By Patrick Cassidy, Cape Cod Times

October 11, 2010 2:00 AM CENTERVILLE — With his clothes covered in bits of insulation, and the air around his wavy, white hair filled with cigarette smoke, Tim Tudor wasn’t exactly the picture of eco-chic during a tour of his home Friday morning.

“I teach this, and the cobbler should have shoes, I suppose,” he said of the environmental overhaul he has given his home as part of a Cape Light Compact pilot program.

Tudor, 63, teaches journeyman classes, a LEED-accredited professional exam preparation course and a weatherization green building course at the Boston Carpenters Apprenticeship and Training Fund. LEED stands for Leadership in Energy and Environmental Design and is used as a standard to judge the energy efficiency of buildings.

On Friday, Tudor’s home on Clipper Lane in Centerville was surrounded by stacks of white insulation panels and a team of workers who are helping transform it from a typical drafty Cape to a tight, energy-efficient model for the future.

The so-called deep-energy retrofit is the first under the Compact pilot program and a helpful experiment in how materials, labor and plans can be brought together to reduce a home’s energy consumption by 50 percent or more, said the organization’s energy efficiency program manager, Kevin Galligan.

“There are a lot of details that these guys are looking after,” Galligan said.

While Tudor’s is the only deep-energy retrofit pilot program on the Cape, there are another 10 such projects that have taken place across the state, Galligan said. If Tudor meets the goals that have been set he will receive about $17,000 in assistance, Galligan said. The Compact has $492,000 to spend on the program, he said.

Tudor, who expects to spend $75,000 on the retrofit and other improvements to his home, said he expects to easily surpass those goals.

The retrofit is a series of steps, said Conor McInerney with Frontier Energy Solutions LLC. A home-energy-rating-system expert first establishes a baseline to compare the movement of air and heat out of the home, he said.

The home is then completely weatherized, making the existing envelope as tight as possible, McInerney said.

The walls are filled with dense-pack cellulose, which is made of recycled material blown into the walls or behind a webbing to keep it in place, he said.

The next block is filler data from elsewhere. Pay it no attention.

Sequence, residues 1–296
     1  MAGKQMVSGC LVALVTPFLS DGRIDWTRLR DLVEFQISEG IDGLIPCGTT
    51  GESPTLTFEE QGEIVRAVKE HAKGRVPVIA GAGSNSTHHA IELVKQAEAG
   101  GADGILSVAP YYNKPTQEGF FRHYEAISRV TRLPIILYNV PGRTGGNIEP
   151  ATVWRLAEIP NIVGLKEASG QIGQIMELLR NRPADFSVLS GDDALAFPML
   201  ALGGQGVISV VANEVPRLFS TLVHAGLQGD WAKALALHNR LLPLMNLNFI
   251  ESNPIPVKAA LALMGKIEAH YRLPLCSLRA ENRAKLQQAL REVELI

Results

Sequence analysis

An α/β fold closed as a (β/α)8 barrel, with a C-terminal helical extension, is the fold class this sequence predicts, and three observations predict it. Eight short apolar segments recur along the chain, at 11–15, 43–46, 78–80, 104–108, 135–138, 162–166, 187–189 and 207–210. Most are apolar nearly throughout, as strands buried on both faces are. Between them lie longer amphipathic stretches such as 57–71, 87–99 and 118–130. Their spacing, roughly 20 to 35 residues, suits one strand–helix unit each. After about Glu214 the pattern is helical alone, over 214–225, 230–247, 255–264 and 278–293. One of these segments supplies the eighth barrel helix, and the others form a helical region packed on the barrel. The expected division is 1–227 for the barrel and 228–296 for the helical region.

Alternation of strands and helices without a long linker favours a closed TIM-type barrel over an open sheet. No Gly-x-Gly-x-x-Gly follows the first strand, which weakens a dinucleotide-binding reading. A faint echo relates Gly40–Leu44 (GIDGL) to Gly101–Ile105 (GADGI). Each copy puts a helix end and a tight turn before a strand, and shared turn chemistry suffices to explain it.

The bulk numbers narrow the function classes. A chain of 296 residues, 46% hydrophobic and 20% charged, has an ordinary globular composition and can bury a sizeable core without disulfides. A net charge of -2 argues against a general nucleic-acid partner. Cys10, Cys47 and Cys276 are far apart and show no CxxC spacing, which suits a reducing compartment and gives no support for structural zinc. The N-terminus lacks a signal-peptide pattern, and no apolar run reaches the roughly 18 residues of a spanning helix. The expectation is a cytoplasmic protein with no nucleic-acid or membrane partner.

One place where this is especially important is behind so-called knee walls that come down from the roof to create crawl spaces that are typically poorly insulated and a major source of heat loss, he said.

“You can put your hand on it and feel the cold,” said Rick Engermann, an apprentice carpenter working for Tudor.

Once the envelope of the home is well-sealed, an additional layer of Styrofoamlike structural insulated paneling is added to the home.

Several layers of shingles had to be removed from the roof of Tudor’s home first and then a 12-inch layer of the panels was added before new shingles were installed, raising the home’s profile, which became an integral part of Tudor’s architectural plans to make the building a more “classical” Cape.

The walls of the home were also pushed out using 4 inches of the insulated paneling.

“In all fairness here, in deference to my crew and my wife, the siding was in need of being replaced,” Tudor said. “While it’s being replaced we might as well make it look better.”
During the retrofit Tudor did other aesthetic work on the home’s exterior and installed a gas insert for his fireplace, he said.

“It’s a good fit for a house that needs some rehab,” McInerney said of the retrofit.

Even before the retrofit is finished the home is already more energy-efficient, Tudor said.

The goal for the pilot program is at least 50 percent energy savings, but Tudor said he is shooting for 70 percent.

Already the amount of air flowing through the home has been reduced from 4,000 cubic feet per minute to under 1,000, without a large door in the basement being finished, which is part of the retrofit, said Chris Mazzola, a home-energy-rating-system rater with Building Diagnostics.

The amount of air that the home was losing was equivalent to leaving a double-hung window open year-round, he said.

“Tim’s shutting the window a little more than most people would,” he said of the retrofit.

But homeowners can do less work and still get a lot of bang for their buck, he said.

“There’s a lot of little things you can do, and it’s not a deep-energy retrofit, but it’s a shallow-energy retrofit,” Mazzola said.

Tudor has been able to beef up the so-called R-value of his home’s walls to R-25, which is what most people have in their attics, Mazzola said. The roof’s R-value could equal 60, Tudor said.

“He should be able to heat this with a candle,” said Benjamin Tilton, training director at the Boston Carpenters Apprenticeship and Training Fund.

Energy-efficient building and retrofits are the future for many in the building trades, Tilton said.

The apprenticeship and training fund is using a three-year, $235,000 stimulus grant to train 251 carpenters in the expanding field of energy efficiency upgrades, Tilton said.

“It’s everywhere where there’s a building,” Tudor said.

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